The same document describes New York as an “Adjacent PJM State” and the New York Independent System Operator (NYISO) as an “Adjacent Control Area”.  The crux of the issue seems to be the wording “consumed within the PJM interconnection region”.  Electricity flows bidirectionally between PJM and NYISO every day, the amount varying based on supply and demand in the two ISOs.  An electron generated in NYISO clearly can’t be tracked (Heisenberg and all), so there is no way to know if a given electron generated by the grid-tied solar installation makes its way into PJM and is consumed. In fact there is no way to know if a given electron generated by any installation in any “Adjacent PJM State” makes its way to PJM and is consumed there, although it is possible that any electron generated in an adjacent PJM state will. Going even further, an electron generated by a system located in DC might actually be consumed outside PJM! As we see it, this leaves two choices on how to interpret the DC RPS rules. Either every grid tied generator in an “Adjacent PJM State” could be delivering their electrons to be consumed in PJM and therefore all are eligible to create DC renewable energy credits, or none can prove that their specific electrons where consumed in PJM and so none are eligible.

How far back will DC accept SREC generation?
We also get questions about systems that were installed prior to the application date in DC. Customers and installers will ask how far back DC will count solar generation for SRECs. DC will only count SRECs created in the current energy year (same as calendar year) as long as generation is inputted before the last business day in January. This means that, as of this blog post, any generation for a facility in 2009 will not count. Only generation from January 2010 onwards will be eligible for the creation of SRECs.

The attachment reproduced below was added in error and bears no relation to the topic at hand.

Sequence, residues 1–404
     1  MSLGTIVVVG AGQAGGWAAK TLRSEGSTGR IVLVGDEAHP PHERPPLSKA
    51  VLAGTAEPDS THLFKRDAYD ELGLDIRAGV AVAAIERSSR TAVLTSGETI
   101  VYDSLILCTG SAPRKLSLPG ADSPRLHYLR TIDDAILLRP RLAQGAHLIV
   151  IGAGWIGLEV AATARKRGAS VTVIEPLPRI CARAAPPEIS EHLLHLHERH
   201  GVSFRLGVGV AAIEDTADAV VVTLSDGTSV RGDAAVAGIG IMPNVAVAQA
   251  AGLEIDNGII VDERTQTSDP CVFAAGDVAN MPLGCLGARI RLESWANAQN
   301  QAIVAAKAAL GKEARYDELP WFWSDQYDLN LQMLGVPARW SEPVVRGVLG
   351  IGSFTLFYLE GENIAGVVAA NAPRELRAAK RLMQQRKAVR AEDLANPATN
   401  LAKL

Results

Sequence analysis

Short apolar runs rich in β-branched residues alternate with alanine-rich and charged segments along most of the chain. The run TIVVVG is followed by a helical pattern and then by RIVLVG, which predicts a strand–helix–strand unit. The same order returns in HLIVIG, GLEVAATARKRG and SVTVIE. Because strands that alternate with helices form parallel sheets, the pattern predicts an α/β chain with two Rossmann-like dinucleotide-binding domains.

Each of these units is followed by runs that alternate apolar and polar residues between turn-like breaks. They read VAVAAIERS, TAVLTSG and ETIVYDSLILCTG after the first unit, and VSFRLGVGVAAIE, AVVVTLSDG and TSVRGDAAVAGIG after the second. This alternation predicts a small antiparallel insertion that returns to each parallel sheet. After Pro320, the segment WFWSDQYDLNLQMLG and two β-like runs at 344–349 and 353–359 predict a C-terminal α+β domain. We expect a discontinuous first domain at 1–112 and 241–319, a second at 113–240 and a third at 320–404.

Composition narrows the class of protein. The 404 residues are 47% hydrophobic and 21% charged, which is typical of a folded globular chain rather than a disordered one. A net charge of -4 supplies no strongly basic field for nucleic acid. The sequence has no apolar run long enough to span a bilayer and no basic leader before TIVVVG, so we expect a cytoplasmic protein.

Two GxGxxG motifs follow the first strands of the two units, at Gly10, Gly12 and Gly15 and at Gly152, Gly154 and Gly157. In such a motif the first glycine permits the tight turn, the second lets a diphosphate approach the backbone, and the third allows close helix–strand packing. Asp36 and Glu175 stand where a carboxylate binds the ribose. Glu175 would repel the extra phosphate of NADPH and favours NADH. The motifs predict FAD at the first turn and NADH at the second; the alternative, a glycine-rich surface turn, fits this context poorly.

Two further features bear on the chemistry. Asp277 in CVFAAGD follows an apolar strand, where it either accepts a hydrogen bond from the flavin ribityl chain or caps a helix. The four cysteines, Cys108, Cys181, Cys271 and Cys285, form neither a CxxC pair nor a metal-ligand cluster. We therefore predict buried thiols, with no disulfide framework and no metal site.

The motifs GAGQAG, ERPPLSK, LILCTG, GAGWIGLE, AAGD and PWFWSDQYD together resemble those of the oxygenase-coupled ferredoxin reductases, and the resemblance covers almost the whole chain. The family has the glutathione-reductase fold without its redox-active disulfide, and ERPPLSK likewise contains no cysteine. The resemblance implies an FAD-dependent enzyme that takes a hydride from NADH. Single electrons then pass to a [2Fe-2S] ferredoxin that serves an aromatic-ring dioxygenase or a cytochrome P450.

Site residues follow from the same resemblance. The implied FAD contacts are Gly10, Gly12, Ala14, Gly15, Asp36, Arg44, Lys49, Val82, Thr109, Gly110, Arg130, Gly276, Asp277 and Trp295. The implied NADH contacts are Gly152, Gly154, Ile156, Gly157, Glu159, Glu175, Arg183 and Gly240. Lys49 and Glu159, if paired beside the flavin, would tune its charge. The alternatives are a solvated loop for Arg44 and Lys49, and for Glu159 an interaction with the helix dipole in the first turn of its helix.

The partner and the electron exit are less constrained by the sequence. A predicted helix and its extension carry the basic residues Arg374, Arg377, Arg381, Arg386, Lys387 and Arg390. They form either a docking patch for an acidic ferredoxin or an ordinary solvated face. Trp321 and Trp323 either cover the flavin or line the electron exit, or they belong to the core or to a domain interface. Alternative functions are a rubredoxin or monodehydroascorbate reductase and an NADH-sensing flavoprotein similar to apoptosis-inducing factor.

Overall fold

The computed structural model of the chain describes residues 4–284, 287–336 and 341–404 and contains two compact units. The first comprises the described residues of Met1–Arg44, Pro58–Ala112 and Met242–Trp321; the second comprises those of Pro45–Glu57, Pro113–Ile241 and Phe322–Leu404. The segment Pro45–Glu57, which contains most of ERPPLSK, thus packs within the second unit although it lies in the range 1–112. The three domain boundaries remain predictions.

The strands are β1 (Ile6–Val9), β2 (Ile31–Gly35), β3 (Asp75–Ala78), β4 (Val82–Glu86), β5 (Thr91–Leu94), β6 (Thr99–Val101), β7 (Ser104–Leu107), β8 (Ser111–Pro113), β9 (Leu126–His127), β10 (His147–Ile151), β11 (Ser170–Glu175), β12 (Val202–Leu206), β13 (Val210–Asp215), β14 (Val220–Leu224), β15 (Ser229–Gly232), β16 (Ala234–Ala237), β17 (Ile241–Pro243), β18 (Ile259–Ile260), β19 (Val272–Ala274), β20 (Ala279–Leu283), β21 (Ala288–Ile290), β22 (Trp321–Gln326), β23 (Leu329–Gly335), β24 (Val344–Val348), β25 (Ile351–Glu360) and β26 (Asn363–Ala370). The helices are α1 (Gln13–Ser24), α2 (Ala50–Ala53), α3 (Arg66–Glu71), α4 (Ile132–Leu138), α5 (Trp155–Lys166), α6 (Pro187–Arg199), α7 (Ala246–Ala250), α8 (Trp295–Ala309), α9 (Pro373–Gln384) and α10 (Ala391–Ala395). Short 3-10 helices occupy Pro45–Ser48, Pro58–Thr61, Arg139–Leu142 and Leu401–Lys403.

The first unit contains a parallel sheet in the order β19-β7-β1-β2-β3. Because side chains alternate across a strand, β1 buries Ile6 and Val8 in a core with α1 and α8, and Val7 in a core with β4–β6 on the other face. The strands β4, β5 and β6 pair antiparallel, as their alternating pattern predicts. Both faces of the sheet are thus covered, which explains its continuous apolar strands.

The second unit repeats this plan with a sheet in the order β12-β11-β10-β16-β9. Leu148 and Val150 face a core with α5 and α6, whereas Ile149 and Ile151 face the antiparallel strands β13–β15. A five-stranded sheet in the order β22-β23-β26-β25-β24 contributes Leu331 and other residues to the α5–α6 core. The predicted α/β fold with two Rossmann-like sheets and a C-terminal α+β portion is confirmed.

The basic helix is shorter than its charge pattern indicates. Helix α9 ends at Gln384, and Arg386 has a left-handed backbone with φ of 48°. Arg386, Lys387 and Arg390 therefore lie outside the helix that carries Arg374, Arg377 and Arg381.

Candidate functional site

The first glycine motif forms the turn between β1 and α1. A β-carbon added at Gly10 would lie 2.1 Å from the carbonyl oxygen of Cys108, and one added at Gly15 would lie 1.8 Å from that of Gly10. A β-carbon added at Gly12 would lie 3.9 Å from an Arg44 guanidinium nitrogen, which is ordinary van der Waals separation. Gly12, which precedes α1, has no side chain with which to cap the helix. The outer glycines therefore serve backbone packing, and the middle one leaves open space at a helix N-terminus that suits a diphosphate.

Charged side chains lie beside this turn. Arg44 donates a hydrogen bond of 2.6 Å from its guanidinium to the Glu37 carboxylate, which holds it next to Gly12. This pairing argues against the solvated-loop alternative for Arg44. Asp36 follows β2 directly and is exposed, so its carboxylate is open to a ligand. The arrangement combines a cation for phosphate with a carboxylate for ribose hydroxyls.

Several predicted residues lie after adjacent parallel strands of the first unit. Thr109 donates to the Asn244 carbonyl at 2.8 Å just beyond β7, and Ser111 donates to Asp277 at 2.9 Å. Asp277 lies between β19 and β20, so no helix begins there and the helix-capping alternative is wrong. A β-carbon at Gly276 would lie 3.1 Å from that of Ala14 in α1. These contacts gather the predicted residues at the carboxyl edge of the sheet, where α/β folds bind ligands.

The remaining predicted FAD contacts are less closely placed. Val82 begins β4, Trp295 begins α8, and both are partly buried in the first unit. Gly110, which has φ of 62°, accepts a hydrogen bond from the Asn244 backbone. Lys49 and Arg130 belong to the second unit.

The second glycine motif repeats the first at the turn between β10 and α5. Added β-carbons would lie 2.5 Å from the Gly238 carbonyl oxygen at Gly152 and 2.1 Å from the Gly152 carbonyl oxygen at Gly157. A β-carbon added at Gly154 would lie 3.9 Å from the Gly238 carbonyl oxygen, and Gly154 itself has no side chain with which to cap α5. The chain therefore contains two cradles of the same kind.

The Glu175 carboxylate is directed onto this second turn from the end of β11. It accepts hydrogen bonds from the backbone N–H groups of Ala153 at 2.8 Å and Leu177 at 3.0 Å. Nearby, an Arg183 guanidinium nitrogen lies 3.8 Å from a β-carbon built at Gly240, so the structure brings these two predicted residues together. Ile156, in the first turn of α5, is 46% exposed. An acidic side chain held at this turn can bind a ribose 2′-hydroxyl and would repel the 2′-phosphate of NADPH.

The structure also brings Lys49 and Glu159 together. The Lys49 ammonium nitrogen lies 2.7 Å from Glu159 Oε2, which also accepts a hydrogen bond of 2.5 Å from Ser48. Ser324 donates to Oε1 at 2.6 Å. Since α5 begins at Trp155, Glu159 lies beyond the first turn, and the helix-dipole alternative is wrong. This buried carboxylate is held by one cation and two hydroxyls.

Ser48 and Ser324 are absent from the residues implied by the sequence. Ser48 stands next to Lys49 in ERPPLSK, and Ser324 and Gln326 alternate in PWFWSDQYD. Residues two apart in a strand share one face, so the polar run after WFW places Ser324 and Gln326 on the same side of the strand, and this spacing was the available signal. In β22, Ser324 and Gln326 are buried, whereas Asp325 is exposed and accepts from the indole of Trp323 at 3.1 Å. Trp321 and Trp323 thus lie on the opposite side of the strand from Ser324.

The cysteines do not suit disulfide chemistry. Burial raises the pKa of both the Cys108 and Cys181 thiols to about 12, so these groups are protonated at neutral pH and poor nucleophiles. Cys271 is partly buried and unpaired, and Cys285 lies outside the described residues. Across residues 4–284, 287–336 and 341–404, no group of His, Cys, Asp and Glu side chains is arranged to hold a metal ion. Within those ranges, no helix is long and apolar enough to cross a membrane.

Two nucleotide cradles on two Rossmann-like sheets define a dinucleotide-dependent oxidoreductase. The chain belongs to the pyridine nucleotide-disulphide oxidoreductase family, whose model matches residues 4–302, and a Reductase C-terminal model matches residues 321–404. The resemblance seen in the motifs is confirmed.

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PJM Region

Posted March 28th, 2010 by SRECTrade.

The PJM Interconnection is a regional transmission organization.  It serves to connect the electricity produced by the various utilities across a region.  In several states, the Renewable Portfolio Standard legislation lets utilities count renewable electricity produced within the PJM region towards meeting the state’s renewable goals.

In Pennsylvania, for example, a resident within the PJM region can apply for certification in the Pennsylvania SREC program.  If your system is convered in this map, you can sell SRECs to PA!

Washington, DC is similar to Pennsylvania in that both allow SRECs from anywhere within the PJM region, however DC will also qualify facilities that are eligible to deliver their electricity into the region. This may include facilities in states that are adjacent to the PJM region such as New York or Wisconsin.

Ohio is another state that allows SRECs from out of state. In that specific case, the utilities are limited to buying 50% from out of state and only from states within the region that are contiguous: Pennsylvania, West Virginia, Kentucky, Michigan and Indiana.

Washington, DC is similar to Pennsylvania in that both allow SRECs from anywhere within the PJM region, however DC will also qualify facilities that are eligible to deliver their electricity into the region.

For these reasons, it is important to know what constitutes the PJM region to determine whether or not you qualify.  Here is a map of the region, along with the retail electricity companies who are served by PJM.

pjm-region


Delaware SEU to protect SREC market from 10MW Dover project

Posted March 12th, 2010 by SRECTrade.

The planned 10MW project in Dover, Delaware would have flooded the state’s SREC market and made it impossible for Delaware residents to sell their SRECs to Delmarva Power. Thanks to the Delaware Sustainable Energy Utility (SEU), the Delaware market will be protected from the potential harm that such an influx of SREC supply would cause to the market. The SEU decided today that it would purchase the SRECs from the 10MW facility in Dover to avoid flooding the market for residential and small commercial solar project SRECs. The current plan is to hold the SRECs until 2015 when the market is large enough to support such a supply.